One of the big benefits of the merger is our combined asset base contains about a 50% mix of condensate and a 50% mix of dry gas, so that was very attractive. The combined asset base of the company is 70% to 75% held long term, either HBP or long-term leases, which gives us some flexibility. It allows us to make decisions based on true economics.

Is gas in the Utica attractive right now? Yes. You’re talking 40% returns. Is condensate more returns driven? Yes. The Marcellus in Ohio, that’s certainly where we focus a third of our capital this year—that provides even better returns. We manage commodities by looking at the strip, we look at the cash flow outputs, and we just toggle between the Marcellus and Utica dry gas and condensate windows. And that’s what we go drill.

Investor: What is your primary goal in your operational plan this year?

Reinhart: We’re focused on cycle time improvements, removing dead time in the operation.

From an Eclipse standpoint, last year vs. this year, we’ve reduced our cycle times by over 30% year-over-year. That gets us down into that 150-day spread between spending capital and turning revenue. That means you can turn your cash faster, you can grow and be more prudent and get to cash flow neutral, cash flow positive, at a much quicker pace than what you would do if you were to stretch those cycle times out.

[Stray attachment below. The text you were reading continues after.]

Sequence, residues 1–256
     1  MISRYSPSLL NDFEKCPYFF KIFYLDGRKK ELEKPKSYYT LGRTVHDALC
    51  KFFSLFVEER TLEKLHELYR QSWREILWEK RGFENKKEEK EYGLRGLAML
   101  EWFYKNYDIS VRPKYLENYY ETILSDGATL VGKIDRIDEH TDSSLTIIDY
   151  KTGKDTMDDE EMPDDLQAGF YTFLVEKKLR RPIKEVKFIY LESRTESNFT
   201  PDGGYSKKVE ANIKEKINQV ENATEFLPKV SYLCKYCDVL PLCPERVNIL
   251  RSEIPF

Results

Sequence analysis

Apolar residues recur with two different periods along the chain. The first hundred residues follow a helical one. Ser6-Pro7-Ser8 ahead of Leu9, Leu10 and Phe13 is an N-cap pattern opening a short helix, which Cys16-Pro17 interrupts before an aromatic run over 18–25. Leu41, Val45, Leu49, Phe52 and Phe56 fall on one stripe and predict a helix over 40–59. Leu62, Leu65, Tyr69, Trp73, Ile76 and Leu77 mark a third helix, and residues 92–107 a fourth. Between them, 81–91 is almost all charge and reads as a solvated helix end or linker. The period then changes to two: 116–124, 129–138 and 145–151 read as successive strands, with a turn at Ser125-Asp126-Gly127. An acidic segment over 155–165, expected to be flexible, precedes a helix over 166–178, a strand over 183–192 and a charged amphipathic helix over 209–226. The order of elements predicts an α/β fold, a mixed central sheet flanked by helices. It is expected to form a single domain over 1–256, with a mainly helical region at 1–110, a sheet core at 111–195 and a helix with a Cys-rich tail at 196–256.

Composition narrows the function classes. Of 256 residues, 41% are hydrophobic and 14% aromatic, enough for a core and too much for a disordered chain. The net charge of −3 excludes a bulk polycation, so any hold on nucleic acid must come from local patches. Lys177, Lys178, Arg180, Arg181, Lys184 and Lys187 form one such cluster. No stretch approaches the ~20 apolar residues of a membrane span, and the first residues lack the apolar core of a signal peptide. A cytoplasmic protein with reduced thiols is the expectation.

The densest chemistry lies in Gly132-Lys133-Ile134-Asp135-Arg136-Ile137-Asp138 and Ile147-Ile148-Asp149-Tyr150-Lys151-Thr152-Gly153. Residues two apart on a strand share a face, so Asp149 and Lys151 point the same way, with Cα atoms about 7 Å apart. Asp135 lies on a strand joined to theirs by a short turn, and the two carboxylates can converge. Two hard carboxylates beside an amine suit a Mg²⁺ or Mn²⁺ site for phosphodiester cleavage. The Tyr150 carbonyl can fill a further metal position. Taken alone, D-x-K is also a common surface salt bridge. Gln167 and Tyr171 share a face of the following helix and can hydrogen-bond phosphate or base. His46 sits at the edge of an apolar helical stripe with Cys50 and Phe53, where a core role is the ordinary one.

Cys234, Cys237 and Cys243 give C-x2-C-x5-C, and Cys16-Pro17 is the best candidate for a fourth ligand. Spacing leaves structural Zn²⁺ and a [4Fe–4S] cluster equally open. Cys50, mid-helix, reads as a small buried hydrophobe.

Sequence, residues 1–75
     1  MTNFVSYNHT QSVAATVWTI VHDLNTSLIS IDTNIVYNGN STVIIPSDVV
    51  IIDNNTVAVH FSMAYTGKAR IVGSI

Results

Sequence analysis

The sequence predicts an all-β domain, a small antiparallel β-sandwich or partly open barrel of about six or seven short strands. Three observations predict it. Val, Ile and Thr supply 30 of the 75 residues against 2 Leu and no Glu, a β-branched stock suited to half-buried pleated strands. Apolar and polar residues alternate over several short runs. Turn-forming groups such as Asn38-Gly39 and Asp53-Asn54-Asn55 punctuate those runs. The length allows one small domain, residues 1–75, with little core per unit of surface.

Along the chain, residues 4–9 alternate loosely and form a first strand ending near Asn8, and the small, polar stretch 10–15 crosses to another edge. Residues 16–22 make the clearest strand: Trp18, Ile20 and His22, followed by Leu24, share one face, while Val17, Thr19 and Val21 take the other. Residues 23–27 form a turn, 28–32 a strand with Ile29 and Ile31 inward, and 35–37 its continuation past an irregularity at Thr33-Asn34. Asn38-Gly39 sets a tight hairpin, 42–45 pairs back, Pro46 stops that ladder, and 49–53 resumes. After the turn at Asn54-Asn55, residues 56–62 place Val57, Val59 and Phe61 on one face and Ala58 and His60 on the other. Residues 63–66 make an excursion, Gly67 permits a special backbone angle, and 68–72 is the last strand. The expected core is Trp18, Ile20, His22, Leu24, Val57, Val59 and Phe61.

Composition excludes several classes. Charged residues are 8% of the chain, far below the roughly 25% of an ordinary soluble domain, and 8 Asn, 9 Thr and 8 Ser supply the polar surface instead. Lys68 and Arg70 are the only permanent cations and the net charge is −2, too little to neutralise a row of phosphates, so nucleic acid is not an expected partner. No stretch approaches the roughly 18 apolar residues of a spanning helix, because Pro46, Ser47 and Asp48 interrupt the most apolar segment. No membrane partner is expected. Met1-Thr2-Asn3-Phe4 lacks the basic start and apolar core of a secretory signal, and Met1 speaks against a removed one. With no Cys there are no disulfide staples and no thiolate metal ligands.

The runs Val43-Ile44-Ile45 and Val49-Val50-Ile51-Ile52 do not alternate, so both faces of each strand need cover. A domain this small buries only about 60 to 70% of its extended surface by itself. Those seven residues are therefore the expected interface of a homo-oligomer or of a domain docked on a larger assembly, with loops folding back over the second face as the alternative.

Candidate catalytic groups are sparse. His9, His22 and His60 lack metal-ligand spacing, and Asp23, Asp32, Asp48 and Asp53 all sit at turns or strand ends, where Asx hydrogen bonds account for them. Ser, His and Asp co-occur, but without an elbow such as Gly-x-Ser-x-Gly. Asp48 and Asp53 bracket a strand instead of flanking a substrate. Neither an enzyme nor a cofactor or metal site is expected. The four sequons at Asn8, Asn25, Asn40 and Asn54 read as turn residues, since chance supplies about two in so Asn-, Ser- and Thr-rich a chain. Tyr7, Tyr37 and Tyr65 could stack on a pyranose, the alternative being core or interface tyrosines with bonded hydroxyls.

We mobilize rigs on a 24-hour basis now versus 12. We’ve been very pleased with our Marcellus cycle times on the drilling side. We just finished a pad where we averaged nine days a well on a three- to four-well Marcellus pad last month.

Why is that important? If you can shave down two or three days per hole and you can skid over a rig on a pad in about eight to 10 hours, those days add up and you’re adding wells toward the end of the year that you would normally otherwise not have.

Every day you shave off a drilling rig is $100,000 to $125,000 a day. Every day you shave off on your frack cycle times is $40,000 a day you save. So we work pretty hard at taking advantage of being active when some operators aren’t as active.

On the pricing side, which is cyclical in nature, right now we’re looking at utilizing our activity that we have planned to lock in prices over the next 12 months and take advantage of this very attractive environment from a service capacity side. We’ve been able to do that on the completion side and on the drilling side and we’ll continue to push.